Orson Welles was not a patient man, not in the “win a few, lose a few” sense that a system such as Hollywood demands. “I’m a mud turtle,” he liked to say, meaning he could go for years, even decades, even half a lifetime, staying true to this or that project. Upon his death in 1985, there remained at least six feature films in various states of progress (Don Quixote, The Deep, The Merchant of Venice, The Other Side of the Wind, The Dreamers, and King Lear) squirreled away in vaults or stashed under beds in cities around the world, not to mention complete scripts for countless others.
One early biographer, Charles Higham, argued that such dispersal reflects a pathological “fear of completion” in Welles, a fear of success more crippling than any fear of failure – which theoretically plagued him as early as 1942, when he was trying to top Citizen Kane with The Magnificent Ambersons. But the remarkable assortment of films he did complete, purely by his own energies, argue otherwise. No one but Welles wanted his Othello, his Chimes at Midnight – but he made them happen, either accepting cheesy acting assignments to pay for them, or (in the case of Chimes) swindling a backer into thinking he was shooting an adaptation of Treasure Island. When the financing fell apart halfway through shooting The Trial, in the 1960s, Welles refused to accept defeat, as he would have if he “feared completion.” He let his intuition lead him to an abandoned Paris railway station whose gothic mazes could stand in for the more elaborate sets he’d been forced to abandon, and finished the picture.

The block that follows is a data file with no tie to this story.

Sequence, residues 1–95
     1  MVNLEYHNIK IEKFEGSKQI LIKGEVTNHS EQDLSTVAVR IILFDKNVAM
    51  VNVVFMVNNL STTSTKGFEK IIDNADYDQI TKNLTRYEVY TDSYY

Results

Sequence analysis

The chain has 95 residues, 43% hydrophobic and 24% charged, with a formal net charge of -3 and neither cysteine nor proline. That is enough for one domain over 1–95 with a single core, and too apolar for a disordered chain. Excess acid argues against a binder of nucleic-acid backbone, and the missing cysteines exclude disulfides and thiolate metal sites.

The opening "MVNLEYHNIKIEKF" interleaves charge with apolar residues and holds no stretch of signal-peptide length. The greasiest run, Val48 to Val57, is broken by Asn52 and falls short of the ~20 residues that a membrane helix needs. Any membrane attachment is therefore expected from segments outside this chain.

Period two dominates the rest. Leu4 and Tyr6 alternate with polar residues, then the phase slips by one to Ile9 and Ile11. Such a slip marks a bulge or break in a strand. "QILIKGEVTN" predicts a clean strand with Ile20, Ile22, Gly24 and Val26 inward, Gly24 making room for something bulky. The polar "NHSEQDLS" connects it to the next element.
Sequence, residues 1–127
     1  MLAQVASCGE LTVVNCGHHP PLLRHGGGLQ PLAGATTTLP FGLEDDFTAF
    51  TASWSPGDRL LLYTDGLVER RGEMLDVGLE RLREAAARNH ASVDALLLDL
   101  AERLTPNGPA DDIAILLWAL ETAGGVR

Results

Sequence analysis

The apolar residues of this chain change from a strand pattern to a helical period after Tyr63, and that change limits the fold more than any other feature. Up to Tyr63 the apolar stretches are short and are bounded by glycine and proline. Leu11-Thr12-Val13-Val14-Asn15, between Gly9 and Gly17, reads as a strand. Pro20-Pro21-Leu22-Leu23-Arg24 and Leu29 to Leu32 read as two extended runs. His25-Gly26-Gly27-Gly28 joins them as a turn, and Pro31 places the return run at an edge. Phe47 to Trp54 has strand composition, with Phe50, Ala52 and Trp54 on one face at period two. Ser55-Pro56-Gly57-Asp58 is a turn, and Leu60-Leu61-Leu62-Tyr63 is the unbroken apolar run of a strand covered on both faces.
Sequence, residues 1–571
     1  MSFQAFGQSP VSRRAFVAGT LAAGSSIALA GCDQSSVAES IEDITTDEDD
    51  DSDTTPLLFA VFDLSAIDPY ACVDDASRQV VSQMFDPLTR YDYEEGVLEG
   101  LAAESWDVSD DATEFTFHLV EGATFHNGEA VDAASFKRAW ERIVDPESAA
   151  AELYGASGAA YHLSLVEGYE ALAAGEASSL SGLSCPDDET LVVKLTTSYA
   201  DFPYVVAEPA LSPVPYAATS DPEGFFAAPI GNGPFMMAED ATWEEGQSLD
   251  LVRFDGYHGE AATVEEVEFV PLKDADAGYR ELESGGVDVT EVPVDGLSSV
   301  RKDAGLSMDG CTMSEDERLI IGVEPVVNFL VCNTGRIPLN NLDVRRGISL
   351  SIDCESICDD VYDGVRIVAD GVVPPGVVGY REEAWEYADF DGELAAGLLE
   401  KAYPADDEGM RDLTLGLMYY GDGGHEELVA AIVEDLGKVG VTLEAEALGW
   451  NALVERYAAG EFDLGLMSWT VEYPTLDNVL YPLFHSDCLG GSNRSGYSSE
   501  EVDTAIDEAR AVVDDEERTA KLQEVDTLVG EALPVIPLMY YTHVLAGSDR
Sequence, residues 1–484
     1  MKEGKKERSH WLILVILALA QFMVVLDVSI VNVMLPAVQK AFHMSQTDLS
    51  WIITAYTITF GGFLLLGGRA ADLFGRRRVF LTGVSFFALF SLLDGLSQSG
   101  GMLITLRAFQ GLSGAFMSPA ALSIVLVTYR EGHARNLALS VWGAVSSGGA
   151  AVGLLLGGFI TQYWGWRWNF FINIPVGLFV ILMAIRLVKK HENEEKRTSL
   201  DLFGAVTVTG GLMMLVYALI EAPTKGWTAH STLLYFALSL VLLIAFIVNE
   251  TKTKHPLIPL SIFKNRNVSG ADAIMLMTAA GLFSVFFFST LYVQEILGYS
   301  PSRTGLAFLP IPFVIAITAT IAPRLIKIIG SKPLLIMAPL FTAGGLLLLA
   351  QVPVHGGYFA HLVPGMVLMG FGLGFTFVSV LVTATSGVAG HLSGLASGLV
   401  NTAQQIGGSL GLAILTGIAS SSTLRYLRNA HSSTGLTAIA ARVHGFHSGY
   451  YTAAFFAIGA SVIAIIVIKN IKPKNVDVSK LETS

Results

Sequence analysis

If Welles’s difficulties can be ascribed to any single emotion, the likely culprit isn’t fear but despair: a despair of the marketplace; a despair of his place in the world. “It is not self-doubt – it is cosmic doubt,” he told his friend Henry Jaglom late in life, warming up his pitch for a politically-themed script called The Big Brass Ring. “[This is] the devil of self destruction that lives in every genius. You know that you’re absolutely great, there is no question of that, but have you chosen the right road? Should I be a monk? Should I jerk off in the park? Should I just fuck everybody and forget about everything else? Should I be President? ... What am I going to do – I am the best, I know that, now what do I do with it?” These were not empty tortures, for Welles. The works of William Shakespeare were a lifelong comfort. He imbibed Shakespeare’s lyrics literally with his mother’s milk; Beatrice Head Welles (1882 – 1924) had been a political activist, musician and actress who, according to family legend, saw to it that her boy was spouting lines from King Lear as early as age three. After her sudden death when the boy was only nine, Shakespeare became his living link to her love, and her legacy in the formation of his character.